Wednesday, October 1, 2014

IWSG: Get Your Game Face On: Publishers vs Agents




Come join me in the IWSG group created by Alex Cavanaugh. We post the first Wednesday of each month! http://alexjcavanaugh.blogspot.com/p/the-insecure-writers-support-group.html

Name: Jennifer L. Hawes and I write upper middle-grade fiction.
Website: http://www.jenniferlhawes.com/ or on my Bloghttp://www.jenniferswritingrevolution.blogspot.com/
Title: Publishers vs Agents
I give the Insecure Writer's Support Group permission to use all or part of this blog post.

When signing with a small to medium sized publisher (or self-publishing), you will most likely design your own book marks, plan book signings and school appearances. Be prepared to do a lot of work. You must make contacts with other writers, libraries, book clubs, bloggers and organizations to promote your book. There were many things I enjoyed about having a small publisher for my debut novel, but many things I'd do differently. Publishers represent your book (to some degree) while agents represent you, your book and your future books.

For my current, finished novel, I am seeking a literary agent. My experiences have left me feeling like I just won the lottery to losing the State Championship game in sudden death overtime. Let me warn you. You will be forced to play the WAITING game. This game is NOT fun. It freaks you out every second of every minute that you WAIT for them to read your requested full. (And the dozen or so other ones they've requested from other writers.)

Don't settle and don't quit. Put your best work out there. Follow agents and Writer's Digest on Twitter. Don't forget to be professional with agents. Always address them by name. Always include some of the qualities that match your book to their #MSWL (Twitter hashtag for "manuscript wish list") or go to their website. And for the love of all that is holy, follow submission guidelines. If they are closed to submissions, DO NOT QUERY THEM.

BE PATIENT. This is not for the faint of heart. You must be strong--warrior strong, line-backer strong. Paint your game face on and race to the line of scrimmage and WAIT for the big game to start. You CAN do this!
(I tell myself this every morning.)


Tell me about your experience with publishers vs. agents. What do you like/dislike about both? Do you enjoy self promotion? How do you handle the "waiting game"? 

24 comments:

  1. I'll have no problem being patient. I've been working on my story for six years, so I'm not about to start worrying about hearing back from agents in less than a couple of months. I'll be too busy working on the next book.

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    1. Good for you! I'm the most impatient person on the planet. Yes, I'm working on other books too:)

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  2. The waiting game IS hard. Even if you have an agent, then you wait on editors, publishing houses, and all that. I try to spend as little time possible speculating while I wait, and instead either read in my genre or write the next thing.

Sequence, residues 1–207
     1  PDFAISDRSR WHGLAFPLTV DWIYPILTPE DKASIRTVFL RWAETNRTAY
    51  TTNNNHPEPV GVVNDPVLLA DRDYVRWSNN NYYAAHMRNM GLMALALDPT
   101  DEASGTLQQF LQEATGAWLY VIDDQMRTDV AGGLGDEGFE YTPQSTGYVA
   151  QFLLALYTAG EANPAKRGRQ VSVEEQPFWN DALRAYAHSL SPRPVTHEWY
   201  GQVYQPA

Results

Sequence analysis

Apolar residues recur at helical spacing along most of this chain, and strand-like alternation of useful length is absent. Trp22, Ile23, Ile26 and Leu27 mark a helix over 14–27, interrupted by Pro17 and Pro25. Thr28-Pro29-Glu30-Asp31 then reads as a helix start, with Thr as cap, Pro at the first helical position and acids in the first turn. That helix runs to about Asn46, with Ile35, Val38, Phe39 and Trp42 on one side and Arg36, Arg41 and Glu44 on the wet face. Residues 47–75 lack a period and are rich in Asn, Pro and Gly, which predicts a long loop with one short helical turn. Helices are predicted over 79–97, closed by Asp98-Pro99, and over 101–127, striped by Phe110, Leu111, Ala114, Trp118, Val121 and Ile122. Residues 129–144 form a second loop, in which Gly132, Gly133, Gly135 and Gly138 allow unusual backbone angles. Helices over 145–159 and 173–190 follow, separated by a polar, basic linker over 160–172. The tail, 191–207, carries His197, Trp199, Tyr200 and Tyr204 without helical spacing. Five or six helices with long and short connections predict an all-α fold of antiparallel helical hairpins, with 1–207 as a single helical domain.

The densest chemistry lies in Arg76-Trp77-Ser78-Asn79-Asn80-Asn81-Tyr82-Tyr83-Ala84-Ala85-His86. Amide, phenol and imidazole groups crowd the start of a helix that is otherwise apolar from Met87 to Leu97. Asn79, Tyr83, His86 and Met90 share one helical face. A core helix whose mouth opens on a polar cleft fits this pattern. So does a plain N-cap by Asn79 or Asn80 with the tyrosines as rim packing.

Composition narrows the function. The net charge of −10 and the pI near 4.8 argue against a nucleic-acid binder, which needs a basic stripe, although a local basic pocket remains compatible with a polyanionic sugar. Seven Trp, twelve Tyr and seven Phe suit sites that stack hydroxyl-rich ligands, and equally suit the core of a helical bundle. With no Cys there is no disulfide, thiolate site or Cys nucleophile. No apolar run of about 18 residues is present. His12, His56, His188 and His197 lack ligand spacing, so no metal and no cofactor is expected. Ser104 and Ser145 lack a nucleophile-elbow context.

And with self pub, like you said, you need to know yourself and what you are capable of. Also, knowing your genre. I have friends writing romance that are going self publishing route because there has been so much success with that genre in ebooks and self pub. When you write for kids, you have to consider the current atmosphere that certain kids books are still selling in print more than ebook, and distribution in what few bookstores we have left in our country still matters--for those genres.

    Anyway, here's to your success while you play the submit and wait game. And best of luck in Pitch Wars!

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    1. Thanks!!! I've been reading tons of books to take my mind off this agonizing time of waiting. But you're right, there will be more waiting in the future! I believe kids and teens prefer hard copy books. My boys are both teenagers and NEVER read e-books.

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  3. But wait, aren't you writing the next thing? =) I had several fulls out to agents a few years ago and ended up going with a small pub rather than waiting on an agent. One day I wouldn't mind switching gears and finding an agent, but I'm not anxious to jump back into that waiting pool of anxiety. I've decided contests are the only way to go when trying to land an agent.

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  4. I'm doing both. Playing the waiting game with agents and I'm in this little contest called #PitchWars ;-) Yes, I'm immersing myself in writing my next two books. Keeps me busy, well, that and my three kiddos.